People are increasingly looking for natural weed control solutions given the potential dangers of chemical-based weed killers to humans, pets, and the environment. We believe most people would opt for a natural weed killer over a chemical one if it actually was as effective at killing weeds.
The good news for people looking to keep it natural is that boiling water does kill weeds. We’ll give you the simple steps to use boiling water on weeds below. However, as we will explain, this method has its shortfalls, which may convince you to try another weed killing method.
How to Kill Weeds with Boiling Water
If you choose to use boiling water to kill weeds, follow these steps for the best result:
- Dress Appropriately – Clearly flip flops and shorts are not the best attire when working with boiling water that will be poured near the feet. It is best to wear long pants, a long-sleeve shirt, and work boots (i.e. steel toe) if you have them.
- Kettle Boil Water – Fill a tea kettle with water and place it on a stove on high heat. Bring the water to a boil. Turn off the heat and remove the kettle from the burner once the water reaches a boil. Avoid using a pot or saucepan considering how easy it is to spill boiling water as you carry it.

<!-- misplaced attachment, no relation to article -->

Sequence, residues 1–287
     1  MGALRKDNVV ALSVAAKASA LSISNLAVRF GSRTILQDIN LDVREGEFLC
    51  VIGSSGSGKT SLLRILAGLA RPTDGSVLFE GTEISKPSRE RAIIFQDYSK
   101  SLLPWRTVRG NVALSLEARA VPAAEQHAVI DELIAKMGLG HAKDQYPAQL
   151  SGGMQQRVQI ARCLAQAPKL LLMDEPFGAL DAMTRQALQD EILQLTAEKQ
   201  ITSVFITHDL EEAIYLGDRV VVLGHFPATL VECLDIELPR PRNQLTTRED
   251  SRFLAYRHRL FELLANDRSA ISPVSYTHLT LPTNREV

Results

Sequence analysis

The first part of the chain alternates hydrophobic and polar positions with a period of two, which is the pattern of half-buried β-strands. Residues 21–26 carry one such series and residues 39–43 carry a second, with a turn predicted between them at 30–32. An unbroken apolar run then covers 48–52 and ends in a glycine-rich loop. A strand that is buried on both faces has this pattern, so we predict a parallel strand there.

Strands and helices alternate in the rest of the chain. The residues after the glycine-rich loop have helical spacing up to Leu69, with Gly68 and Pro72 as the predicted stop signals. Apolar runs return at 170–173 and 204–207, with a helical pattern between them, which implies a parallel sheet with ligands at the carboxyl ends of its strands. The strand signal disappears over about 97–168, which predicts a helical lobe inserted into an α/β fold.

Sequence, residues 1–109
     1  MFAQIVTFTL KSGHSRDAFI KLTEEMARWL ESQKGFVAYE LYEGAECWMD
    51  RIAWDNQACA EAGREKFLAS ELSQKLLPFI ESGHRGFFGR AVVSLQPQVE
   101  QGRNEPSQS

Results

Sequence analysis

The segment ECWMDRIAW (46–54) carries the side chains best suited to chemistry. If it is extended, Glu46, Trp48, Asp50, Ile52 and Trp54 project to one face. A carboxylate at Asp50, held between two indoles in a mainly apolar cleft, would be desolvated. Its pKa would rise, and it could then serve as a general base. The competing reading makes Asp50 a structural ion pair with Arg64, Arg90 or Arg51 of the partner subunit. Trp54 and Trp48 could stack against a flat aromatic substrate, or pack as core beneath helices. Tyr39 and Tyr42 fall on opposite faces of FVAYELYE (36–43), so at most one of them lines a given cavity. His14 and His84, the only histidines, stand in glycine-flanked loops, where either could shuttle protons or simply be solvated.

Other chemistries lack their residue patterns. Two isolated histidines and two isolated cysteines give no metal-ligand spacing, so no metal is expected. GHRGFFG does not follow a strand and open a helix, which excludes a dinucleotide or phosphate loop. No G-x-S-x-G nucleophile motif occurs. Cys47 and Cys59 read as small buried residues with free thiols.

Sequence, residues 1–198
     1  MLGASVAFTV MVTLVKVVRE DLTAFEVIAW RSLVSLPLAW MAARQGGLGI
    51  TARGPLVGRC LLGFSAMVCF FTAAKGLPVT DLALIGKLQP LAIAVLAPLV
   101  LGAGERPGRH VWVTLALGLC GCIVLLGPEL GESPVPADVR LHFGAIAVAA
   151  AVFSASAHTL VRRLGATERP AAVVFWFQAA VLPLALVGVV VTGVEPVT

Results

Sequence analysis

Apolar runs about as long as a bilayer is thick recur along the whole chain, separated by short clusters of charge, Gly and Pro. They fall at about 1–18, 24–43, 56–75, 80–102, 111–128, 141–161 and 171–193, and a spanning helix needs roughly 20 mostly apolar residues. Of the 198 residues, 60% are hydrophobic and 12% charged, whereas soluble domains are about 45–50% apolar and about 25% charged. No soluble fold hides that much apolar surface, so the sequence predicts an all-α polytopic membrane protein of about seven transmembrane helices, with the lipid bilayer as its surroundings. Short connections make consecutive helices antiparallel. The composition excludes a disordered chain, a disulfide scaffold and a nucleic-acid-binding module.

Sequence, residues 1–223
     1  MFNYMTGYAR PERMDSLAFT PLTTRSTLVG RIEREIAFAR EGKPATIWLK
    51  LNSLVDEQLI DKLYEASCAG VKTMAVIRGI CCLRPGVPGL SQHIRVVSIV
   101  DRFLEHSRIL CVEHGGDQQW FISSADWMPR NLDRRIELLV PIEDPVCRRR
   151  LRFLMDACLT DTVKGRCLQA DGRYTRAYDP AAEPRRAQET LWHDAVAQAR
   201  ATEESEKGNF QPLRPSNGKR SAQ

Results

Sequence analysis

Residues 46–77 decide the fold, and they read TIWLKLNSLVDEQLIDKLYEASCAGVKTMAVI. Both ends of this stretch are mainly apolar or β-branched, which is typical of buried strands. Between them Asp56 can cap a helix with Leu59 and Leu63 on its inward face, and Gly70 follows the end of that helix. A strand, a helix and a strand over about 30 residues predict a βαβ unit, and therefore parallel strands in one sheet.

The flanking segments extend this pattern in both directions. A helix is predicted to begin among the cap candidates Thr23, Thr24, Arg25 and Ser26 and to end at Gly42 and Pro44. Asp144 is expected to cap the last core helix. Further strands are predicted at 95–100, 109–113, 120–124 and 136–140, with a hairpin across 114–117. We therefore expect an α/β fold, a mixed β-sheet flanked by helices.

- Transport Kettle to Weeds – With the lid on the kettle, quickly but carefully walk to the location of the weeds before the water cools. Prepare yourself to start pouring the boiling water on the weeds.
- Pour – Pour the boiling water over the entire weed(s). Be cautious not to get any water on desirable grass or plants nearby. More importantly, make sure your body is clear of the path of the boiling water at all times. Be aware that weeds with deep roots, like dandelions, will need extra water to ensure the weed is killed to the root.
- Wait – Once you have covered the weeds in boiling water, do not expect results quickly. Wait a couple of days for the weeds to die.
- Reevaluate – A second round of boiling water may need to be applied to the weeds that were not killed in round one. Remember that weeds spread quickly so you may have new ones that have emerged. Start with step one to kill off the remaining weeds.
This boiling water method to kill weeds does have some flaws. The University of California states that the water should be above 200°F for this method to be most effective. The problem is that water cools rapidly once it is removed from the burner. By the time someone safely makes their way from the stove to the weeds with the hot water, the water may have cooled too much to be effective.
Another problem with this method is that it is not very practical, especially for numerous weeds. You need a decent amount of boiled water per weed and often repeat applications are required. The amount of time and energy it takes to boil water, potentially in large quantities, makes this method just not worth it for some people.
Boiled water works best on broadleaf weeds. If you have other types of weeds, you should consider other weed control options.
Lastly, there is clearly a safety issue with carrying around boiling water from stove to the yard. Many yards and interior of homes provide ample opportunity for someone to trip over things like toys, small shrubs, porch steps, and much more. If you are going to attempt this method of weed control, please be safe!